Living alone means…

Margaret Mead, American cultural anthropologist

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Was searching for the source of a quote about how sharing with someone doubles our joys and halves our sorrows (there are so many different sources mentioned that I can’t determine where it actually originated) when I came across this one:

“Having someone wonder where you are when you don’t come home at night is a very old human need.” – Margaret Mead

Reminds me of a wonderful reflection on living alone that appeared in this blog a few years ago. And my comment on it: “As author Alice Walker so aptly puts it, when you have a live-in, that’s at least one side of you that’s covered. When you live alone, you’re vulnerable on all sides.”

So let’s see. What does she mean when she says “sides,” and which one is supposed to be uncovered when you live alone?

Financial is one side. Though it may also be true for a single partner in a percentage of married or cohabiting couples, we singles mostly bear the full costs of everything we do and are solely responsible for maintaining our home, clothes, etc. We don’t generally have people  volunteering to throw in a percentage of their salary to help.

Social. We may, and if we’re lucky, do have enough pals or friends we can go places and do things with. To have company out in the world is usually a blessing; to have company at home can be a mixed blessing when you’re not in the mood! But in any case it can take extra courage to pursue life’s little adventures when you have to do it alone.

Physical. When you live with someone, you have another person to share a hug with when you need one. In romantic relationships you’ve got regular opportunities for sex. Singles must work to find hugs among friends or relatives, and/or we can get and give physical affection with a pet.

What else? Spirituality is something we all choose and experience alone.

Emotionally could be where she’s suggesting the “uncovered” side occurs when you live alone. You may have one or more close friends you can turn to for support, but you always have to find them first. They’re not there to see and hear your pain when you get the devastating phone call about a lost job or the death of a close friend. They’re not wondering where you are when you’re late, and they’re not there to be glad when you get home (another thing pets can help with!).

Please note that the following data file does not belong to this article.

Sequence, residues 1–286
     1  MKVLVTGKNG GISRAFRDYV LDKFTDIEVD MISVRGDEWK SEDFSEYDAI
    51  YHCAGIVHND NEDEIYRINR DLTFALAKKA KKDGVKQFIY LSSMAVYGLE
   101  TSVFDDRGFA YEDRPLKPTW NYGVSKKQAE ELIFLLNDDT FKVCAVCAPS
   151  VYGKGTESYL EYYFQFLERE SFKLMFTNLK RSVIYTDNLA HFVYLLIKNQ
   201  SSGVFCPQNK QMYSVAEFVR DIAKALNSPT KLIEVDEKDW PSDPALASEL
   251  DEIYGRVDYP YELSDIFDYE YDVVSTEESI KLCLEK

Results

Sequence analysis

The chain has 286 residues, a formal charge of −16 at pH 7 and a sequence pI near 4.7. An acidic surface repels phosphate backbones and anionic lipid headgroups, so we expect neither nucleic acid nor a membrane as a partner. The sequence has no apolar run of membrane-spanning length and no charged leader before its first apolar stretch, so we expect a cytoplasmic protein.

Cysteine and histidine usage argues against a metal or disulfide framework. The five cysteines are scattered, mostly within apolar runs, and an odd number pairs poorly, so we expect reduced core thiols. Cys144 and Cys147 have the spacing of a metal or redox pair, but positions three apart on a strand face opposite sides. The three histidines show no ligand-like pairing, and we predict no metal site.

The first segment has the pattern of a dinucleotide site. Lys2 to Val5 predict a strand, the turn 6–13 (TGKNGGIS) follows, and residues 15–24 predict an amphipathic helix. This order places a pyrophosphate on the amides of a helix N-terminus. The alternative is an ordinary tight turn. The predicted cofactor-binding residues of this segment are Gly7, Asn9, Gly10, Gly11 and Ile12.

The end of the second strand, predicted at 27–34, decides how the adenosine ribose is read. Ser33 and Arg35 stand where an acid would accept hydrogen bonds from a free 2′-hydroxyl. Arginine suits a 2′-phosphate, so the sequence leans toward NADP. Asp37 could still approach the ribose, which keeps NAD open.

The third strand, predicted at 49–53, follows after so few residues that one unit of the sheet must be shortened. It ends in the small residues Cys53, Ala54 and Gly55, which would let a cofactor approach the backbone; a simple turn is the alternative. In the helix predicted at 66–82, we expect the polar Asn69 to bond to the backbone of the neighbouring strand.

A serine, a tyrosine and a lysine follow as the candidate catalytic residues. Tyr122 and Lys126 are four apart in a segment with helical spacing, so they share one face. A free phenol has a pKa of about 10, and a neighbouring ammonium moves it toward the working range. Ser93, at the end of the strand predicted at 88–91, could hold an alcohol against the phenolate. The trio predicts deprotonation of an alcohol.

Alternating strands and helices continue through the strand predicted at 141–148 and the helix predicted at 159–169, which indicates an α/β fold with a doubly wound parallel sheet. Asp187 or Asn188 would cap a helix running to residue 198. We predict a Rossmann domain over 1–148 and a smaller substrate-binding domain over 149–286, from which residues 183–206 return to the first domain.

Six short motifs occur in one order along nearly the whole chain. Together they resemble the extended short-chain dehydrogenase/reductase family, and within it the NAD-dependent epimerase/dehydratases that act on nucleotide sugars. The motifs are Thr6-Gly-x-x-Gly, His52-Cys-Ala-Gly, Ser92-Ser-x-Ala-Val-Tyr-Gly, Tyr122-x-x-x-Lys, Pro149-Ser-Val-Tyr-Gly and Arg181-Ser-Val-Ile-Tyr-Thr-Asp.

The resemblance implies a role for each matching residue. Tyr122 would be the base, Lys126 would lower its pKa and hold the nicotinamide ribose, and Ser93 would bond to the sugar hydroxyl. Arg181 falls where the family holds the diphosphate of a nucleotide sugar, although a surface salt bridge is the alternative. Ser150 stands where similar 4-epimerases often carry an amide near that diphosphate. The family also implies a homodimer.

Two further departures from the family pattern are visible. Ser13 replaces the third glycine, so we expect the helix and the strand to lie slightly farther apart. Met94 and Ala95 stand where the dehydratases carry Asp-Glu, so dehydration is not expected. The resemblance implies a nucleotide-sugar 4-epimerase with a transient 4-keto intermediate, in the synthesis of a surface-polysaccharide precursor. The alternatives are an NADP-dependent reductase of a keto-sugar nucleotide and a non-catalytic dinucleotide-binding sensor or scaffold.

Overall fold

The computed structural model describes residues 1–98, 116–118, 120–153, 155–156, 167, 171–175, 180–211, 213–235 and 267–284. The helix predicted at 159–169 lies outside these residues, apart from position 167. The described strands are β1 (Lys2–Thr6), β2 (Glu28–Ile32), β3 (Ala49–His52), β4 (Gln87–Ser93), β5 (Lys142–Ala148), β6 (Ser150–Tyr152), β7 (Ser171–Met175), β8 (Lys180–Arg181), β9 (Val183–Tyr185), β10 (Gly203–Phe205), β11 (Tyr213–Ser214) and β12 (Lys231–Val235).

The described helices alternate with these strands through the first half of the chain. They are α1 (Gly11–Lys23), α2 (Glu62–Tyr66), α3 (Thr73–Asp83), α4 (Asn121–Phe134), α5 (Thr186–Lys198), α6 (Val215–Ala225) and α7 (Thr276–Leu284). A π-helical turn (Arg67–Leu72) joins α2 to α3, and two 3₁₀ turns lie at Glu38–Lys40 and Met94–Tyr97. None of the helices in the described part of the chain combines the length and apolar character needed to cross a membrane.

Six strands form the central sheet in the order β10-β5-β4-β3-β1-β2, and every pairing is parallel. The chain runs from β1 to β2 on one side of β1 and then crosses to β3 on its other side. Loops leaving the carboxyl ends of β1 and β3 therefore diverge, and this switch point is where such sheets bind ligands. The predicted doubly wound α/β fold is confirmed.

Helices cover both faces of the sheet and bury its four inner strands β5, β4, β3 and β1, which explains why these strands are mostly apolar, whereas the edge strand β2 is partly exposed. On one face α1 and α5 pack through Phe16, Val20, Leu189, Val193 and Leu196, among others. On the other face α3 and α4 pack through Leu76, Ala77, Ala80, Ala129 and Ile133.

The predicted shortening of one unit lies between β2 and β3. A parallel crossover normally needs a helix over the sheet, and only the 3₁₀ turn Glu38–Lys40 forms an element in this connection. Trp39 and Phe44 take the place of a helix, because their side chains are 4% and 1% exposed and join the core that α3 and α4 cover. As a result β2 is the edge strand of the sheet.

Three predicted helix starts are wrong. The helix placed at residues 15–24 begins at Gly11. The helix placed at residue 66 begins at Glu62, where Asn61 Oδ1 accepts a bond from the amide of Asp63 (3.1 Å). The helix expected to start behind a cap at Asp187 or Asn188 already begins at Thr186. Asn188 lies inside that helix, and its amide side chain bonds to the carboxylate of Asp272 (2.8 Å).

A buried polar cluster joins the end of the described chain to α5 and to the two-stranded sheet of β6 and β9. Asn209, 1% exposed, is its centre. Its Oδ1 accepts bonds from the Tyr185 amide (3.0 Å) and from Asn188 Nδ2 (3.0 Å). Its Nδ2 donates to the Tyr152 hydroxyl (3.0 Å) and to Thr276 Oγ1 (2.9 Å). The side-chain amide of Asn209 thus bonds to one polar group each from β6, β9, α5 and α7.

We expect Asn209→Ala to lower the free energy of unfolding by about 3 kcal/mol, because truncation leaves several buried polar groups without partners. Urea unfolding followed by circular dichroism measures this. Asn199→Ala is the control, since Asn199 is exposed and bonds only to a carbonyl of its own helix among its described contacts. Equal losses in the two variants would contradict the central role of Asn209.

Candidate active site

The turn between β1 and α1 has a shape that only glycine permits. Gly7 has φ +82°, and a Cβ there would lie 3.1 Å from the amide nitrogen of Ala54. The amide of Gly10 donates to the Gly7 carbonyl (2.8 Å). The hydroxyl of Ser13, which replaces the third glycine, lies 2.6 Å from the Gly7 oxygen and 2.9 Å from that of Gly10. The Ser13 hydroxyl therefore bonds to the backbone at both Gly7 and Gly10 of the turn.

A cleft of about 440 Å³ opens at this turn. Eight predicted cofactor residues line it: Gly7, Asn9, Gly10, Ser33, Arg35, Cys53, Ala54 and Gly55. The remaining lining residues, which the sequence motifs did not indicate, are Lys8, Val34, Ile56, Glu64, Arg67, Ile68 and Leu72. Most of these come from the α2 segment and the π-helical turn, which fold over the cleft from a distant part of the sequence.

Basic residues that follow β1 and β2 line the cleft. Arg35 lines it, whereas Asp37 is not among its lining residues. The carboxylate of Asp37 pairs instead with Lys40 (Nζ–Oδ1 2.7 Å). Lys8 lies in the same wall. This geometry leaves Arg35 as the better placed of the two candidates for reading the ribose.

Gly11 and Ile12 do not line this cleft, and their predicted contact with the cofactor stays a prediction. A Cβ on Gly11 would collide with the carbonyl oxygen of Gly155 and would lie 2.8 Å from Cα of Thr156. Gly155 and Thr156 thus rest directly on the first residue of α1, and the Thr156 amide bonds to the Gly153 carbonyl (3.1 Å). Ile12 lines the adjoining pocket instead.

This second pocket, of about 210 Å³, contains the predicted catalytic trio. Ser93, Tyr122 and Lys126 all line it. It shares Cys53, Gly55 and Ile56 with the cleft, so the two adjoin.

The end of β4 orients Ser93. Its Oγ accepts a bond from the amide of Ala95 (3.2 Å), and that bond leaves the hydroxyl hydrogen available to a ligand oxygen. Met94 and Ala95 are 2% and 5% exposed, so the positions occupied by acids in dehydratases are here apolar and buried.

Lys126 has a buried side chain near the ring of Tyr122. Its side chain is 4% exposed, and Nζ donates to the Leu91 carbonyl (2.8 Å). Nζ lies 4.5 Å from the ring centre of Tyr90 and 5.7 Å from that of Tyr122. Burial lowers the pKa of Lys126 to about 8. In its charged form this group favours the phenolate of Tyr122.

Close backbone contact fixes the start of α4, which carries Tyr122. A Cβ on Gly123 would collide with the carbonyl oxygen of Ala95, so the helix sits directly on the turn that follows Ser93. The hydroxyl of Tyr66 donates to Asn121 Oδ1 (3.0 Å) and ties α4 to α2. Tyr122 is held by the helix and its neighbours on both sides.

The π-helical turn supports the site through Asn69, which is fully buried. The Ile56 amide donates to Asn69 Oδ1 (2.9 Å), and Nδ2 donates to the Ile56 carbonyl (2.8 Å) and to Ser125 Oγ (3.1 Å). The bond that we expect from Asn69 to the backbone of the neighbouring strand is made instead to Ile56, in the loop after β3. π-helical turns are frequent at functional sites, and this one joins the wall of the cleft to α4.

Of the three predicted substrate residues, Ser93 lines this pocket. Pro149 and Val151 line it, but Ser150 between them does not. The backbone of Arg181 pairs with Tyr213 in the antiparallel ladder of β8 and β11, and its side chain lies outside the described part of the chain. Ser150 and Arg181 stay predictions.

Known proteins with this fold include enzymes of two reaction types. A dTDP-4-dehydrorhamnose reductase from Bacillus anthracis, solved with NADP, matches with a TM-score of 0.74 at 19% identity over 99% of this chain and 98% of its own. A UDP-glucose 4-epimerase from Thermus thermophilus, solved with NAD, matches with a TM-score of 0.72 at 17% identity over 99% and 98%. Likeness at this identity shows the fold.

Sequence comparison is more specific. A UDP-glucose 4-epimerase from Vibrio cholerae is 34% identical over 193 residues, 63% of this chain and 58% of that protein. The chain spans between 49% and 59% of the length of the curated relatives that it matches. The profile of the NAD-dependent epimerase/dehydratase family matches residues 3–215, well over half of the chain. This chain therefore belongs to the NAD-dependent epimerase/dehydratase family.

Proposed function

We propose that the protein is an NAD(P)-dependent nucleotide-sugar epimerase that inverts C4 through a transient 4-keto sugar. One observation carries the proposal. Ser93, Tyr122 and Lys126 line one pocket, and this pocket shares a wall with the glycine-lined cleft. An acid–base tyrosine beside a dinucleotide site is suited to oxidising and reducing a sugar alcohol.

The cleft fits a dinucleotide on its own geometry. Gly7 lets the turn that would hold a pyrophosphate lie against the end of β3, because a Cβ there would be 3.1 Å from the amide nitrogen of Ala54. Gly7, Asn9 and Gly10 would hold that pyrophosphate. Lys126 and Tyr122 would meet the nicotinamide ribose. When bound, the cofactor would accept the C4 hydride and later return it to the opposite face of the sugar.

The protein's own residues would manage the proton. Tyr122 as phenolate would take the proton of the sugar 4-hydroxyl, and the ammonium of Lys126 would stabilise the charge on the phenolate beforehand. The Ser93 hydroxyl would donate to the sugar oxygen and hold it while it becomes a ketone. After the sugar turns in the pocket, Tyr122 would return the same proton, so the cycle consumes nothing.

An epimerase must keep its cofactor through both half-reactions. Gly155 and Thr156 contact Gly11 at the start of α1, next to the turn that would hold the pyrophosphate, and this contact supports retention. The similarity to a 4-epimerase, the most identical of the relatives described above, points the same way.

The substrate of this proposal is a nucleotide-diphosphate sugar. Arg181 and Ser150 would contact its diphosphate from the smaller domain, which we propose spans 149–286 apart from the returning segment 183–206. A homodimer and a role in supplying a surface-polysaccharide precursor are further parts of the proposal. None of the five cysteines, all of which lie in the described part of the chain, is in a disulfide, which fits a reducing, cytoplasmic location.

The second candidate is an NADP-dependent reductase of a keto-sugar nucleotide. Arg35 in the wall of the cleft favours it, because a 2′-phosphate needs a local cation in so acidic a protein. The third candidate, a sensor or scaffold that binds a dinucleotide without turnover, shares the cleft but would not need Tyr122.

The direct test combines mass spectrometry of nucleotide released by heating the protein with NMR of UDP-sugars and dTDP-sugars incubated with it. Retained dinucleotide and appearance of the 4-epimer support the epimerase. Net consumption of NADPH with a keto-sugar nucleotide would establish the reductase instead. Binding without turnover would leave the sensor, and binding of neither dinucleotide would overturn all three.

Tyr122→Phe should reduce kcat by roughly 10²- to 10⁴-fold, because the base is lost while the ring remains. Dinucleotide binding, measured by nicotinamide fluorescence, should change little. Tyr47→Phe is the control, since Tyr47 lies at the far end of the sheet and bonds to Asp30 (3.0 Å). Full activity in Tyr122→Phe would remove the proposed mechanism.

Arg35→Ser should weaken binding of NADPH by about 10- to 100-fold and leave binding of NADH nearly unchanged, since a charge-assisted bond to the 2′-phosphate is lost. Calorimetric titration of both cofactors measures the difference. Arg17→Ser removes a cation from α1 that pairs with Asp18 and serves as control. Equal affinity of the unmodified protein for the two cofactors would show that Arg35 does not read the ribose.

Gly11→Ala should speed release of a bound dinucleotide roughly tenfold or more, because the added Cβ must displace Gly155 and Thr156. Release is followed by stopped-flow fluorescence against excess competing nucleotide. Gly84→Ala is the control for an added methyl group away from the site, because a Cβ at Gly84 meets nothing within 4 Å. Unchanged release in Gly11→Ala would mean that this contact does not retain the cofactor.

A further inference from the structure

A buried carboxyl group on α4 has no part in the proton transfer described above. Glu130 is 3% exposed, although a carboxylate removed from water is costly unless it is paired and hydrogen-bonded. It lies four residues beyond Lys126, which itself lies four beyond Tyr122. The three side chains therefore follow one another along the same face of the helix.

Do you feel vulnerable on all sides? If you believe that life is a series of lessons, then it’s easy to see that living alone can be the larger context for the kinds of lessons you never have to face when you always live with someone. Just as living with someone gives you lessons you can’t get any other way.

There are joys and freedoms to being coupled just as there are unique joys and freedoms to being single. When the day comes that society values both equally, there will be no need for organizations like SWWAN.

Cropped screenshot of Rosalind Russell from th...

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Ever notice how the most interesting and exciting stories (in books and movies) usually involve an independent woman, generally unmarried? think about it–even in the day of Rosalind Russell. Read my review of her movie, Sister Kenney.

[Many thanks to Wendy and Rosemary for helping me sort through the issues for this post. And check out their website: www.mysinglespace.org]

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Former TV star's advice on living alone

She was the cute and savvy sidekick on the 60s television series “Get Smart.” At some point in her life Barbara Feldon’s marriage dissolved and nothing else seemed on the horizon. Eventually, she adapted and is now thriving–her book, “Living alone and loving it: a guide to relishing the solo life,” offers some cool advice. A few points:

  • Stop imagining that marriage is a solution for loneliness.
  • Nurture a glowing self image that is not dependent on an admirer.
  • Value connections that might be overlooked.
  • Develop your creative side.
  • End negative thinking. (Just say “Stop it!” when those thoughts intrude.)

A really important item: Live within your means – ruthlessly. Give up the idea of an ideal caretaker who will provide a safe haven and relieve you of your responsibility for your financial security.

Like this one. Treasure your home – it is a portrait of what you think of yourself. Explore your own taste – unfettered. “Your space is the litmus test of your self-esteem.”

And especially appreciate this one: “Our romantic nature is one of the dearest aspects of being human. Whether it is expressed directly in mating or sublimated in friendship, affection, fantasy or art, it deserves to be celebrated and encouraged to take wing.” Concentrate on the loving connections in your life – not on what is missing.

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